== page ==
So if we were to disband the Air Force, as I proposed back in August and as Robert Farley seconded in a recent piece in The American Prospect, what would we do about the service’s 500 land-based Intercontinental Ballistic Missiles? Maybe push through a new arms treaty and retire them all along with air-launched weapons, moving to a purely sea-based nuke force aboard boomer subs, as Great Britain has done?
Bad idea, says Mike Goldfarb from The Weekly Standard:
But getting rid of our ICBMs? It’s an interesting idea. I think it would be terribly naïve to put all our eggs in one basket and rely exclusively on a sea-based deterrent as David suggests.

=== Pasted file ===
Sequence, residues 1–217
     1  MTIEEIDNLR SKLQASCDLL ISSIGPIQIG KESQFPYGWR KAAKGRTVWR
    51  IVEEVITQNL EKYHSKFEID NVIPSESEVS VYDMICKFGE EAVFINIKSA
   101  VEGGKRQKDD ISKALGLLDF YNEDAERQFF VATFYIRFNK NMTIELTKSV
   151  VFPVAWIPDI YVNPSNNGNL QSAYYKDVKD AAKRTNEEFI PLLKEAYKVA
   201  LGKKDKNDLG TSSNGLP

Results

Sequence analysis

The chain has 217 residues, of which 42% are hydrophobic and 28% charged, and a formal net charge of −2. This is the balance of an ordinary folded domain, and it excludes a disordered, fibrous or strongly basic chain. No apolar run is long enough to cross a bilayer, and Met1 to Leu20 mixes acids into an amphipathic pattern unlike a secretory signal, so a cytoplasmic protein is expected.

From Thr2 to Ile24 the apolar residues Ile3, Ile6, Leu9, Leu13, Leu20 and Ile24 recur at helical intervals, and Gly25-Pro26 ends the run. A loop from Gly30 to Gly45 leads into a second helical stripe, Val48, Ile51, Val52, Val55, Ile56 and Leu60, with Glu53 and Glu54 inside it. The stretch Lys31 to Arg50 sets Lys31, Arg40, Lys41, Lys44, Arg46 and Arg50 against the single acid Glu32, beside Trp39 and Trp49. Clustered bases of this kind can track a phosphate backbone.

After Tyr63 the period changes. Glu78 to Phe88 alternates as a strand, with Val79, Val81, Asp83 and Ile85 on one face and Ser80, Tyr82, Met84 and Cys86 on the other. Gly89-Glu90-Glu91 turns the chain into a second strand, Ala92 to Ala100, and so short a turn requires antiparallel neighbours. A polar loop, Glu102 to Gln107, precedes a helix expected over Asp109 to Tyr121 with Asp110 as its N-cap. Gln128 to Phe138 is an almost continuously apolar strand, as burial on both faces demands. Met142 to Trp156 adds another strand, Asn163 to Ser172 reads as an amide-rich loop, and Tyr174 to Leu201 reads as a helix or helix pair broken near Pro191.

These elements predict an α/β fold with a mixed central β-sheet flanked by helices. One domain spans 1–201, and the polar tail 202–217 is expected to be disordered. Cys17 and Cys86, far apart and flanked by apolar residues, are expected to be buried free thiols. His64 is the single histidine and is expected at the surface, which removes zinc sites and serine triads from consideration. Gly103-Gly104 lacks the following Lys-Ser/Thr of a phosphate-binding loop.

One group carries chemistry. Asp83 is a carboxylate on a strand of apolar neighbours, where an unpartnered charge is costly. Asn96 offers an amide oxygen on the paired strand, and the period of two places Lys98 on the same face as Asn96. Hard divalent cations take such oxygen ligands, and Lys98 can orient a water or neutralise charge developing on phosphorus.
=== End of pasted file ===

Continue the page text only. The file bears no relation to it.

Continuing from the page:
John from Op-For concurs — ICBMs are indispensible. Why?
Once airborne, ICBMs are nearly impossible to defeat. They are remarkably survivable, and they are the fastest response weapon on the planet. Our enemies still field them, and in some cases are upgrading their strategic rocket forces with better boosters, better guidance systems, better reentry vehicles, and so on. So, I’ve heard many arguments on whether or not we could eliminate ICBMs, but not a whole lot of discussion on whether or not we should.
But say we did. What might you do with all those leftover rockets? Goldfarb has an idea:
Attach a tungsten rod to the tip and voila, you’ve got yourself a conventional weapon capable of vaporizing deeply buried targets. You just need to convince the Russians and Chinese you aren’t lobbing a nuke in their direction.